Coal tailings are waste produced after coal is mined. According to the Society for Mining, Metallurgy, and Exploration, tailings develop “after ore containing an economically-recoverable commodity is mined from the earth…extracted in a processing plant or mill.” Coal tailings are often emptied into what’s known as a tailing dam, a manmade yet earthen structure where waste is stored as a liquid. If a dam collapses or if the tailings are not disposed of properly, the toxic waste seeps into the land and into the community. A 2022 study in Minerals found that of all the coal mined in South Africa, 30 to 40% of it becomes waste that, in the long term, can have adverse effects on the environment.
According to Reuters, “more than a third of the world’s tailings dams are at high risk of causing catastrophic damage to nearby communities if they crumble,” and “South Africa has the largest number of tailings dams built using an architectural method considered unsafe by many engineers.”
The state of the environment
So here they are, these images whose backstories are as challenging as they are beautiful. For Burtynsky, their purpose is both aesthetic and conservant. He hopes the work is visually engaging enough to draw viewers in, stimulating enough to stand in front of and ask questions about what it is, how it came to be, and what these factors mean for the state of the environment he’s documenting.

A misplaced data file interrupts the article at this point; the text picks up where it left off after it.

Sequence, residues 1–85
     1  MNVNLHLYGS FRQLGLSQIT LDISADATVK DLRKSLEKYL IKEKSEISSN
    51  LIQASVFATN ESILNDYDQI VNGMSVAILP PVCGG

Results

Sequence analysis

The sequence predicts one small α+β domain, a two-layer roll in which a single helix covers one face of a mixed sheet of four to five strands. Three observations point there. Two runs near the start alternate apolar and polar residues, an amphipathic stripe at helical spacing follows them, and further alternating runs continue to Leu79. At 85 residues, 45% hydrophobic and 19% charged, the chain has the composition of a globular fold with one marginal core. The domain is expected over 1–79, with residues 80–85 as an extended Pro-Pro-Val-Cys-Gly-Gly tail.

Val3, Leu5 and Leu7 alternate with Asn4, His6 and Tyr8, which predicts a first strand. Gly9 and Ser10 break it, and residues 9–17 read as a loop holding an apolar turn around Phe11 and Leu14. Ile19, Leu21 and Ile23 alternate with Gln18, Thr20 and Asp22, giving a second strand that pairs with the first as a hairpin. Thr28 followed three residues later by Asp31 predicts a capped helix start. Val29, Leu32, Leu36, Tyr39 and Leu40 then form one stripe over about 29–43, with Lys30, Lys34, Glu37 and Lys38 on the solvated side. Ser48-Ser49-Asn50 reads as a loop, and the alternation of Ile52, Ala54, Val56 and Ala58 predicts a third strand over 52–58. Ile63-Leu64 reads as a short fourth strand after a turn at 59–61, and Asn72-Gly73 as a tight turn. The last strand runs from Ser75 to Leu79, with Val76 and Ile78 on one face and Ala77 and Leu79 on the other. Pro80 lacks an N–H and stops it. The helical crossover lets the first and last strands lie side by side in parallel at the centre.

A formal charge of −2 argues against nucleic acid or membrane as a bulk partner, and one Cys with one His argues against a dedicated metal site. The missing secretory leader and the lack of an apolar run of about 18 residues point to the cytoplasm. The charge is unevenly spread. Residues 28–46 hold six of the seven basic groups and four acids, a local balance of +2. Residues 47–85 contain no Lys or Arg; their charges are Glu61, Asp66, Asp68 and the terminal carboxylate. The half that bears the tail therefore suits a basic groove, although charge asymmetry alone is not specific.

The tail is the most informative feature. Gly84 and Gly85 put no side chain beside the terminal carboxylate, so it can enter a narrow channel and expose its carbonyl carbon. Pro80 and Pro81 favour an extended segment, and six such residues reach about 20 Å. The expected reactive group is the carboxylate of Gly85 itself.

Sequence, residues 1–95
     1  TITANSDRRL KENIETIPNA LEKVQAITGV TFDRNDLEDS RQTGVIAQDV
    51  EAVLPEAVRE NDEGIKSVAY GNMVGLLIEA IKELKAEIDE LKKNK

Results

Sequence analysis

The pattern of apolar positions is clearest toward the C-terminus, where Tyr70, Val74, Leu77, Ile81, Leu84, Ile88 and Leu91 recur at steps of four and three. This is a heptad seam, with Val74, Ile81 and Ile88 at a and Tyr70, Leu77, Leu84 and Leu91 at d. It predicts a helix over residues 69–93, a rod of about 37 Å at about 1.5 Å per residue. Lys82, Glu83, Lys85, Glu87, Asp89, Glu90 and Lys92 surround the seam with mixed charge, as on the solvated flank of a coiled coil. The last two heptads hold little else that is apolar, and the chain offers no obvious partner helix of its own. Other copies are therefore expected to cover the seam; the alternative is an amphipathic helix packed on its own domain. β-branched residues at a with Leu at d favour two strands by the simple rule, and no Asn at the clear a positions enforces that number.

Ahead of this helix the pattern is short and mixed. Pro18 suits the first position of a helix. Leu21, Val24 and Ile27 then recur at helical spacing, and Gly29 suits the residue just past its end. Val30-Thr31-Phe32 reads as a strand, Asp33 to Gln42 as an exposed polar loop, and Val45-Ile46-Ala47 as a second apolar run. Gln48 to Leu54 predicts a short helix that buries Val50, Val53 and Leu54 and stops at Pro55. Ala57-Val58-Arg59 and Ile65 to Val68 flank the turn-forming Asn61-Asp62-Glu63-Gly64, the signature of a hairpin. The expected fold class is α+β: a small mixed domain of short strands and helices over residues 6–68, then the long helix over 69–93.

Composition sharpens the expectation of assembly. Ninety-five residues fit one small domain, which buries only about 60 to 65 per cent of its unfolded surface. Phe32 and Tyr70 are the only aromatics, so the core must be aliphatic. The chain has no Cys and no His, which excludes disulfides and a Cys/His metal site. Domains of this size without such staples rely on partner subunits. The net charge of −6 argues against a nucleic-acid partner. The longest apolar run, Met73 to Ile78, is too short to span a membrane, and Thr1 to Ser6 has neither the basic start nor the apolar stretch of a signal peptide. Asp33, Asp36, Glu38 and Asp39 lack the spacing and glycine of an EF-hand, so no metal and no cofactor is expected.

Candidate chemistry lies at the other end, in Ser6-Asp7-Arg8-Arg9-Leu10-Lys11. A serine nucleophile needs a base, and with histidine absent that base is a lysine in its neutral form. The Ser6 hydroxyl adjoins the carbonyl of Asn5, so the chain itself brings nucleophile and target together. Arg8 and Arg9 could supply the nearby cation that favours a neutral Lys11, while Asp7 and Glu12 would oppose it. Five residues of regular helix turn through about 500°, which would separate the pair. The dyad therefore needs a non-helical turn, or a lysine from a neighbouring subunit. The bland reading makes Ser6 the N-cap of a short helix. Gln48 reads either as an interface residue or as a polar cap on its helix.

All the while, he aims to carry through the artistic language he has created for himself as a photographer. Indeed, the beauty of his work generates a state of wonder that pulls the viewer in and has the potential to open their minds and inspire them to help, make change, or both.
“I think of it, rather than devastation, as extended habitats that we just ignore, because why bother? Why should we look at it? Why would we go and look at an open pit copper mine, even though…we’re speaking on a phone right now and I bet you there’s a lot of copper between me and you that’s allowing us to speak?”, Burtynsky says.
“Electric cars? Well, that’s all copper windings and rare minerals and batteries from lithium and cobalt. And so all these things are consequential. There’s a place in the world that this stuff comes from. And I’ve simply gone to those places and made photographs that come back and say, look, to have our lives, we need these places, too, but we don’t talk about them.”
China’s presence in Africa
Burtynsky believes Africa is the next, maybe the last, frontier when it comes to further global industrialization. When working on his China project in the early 2000s, which covered the country’s rapid economic and industrial development, Burtynsky learned China was slowly but surely embedding itself on the African continent, “procuring these massive contracts to build trade rails and roads and industry and factories and cities and apartments.”
He began photographing in Africa in 2015 and after visiting ten countries in Sub-Saharan Africa — South Africa, Botswana, Madagascar, Kenya, Ethiopia, Ghana, Nigeria, Senegal, Namibia, and Tanzania — he completed his image-making for the project in 2020.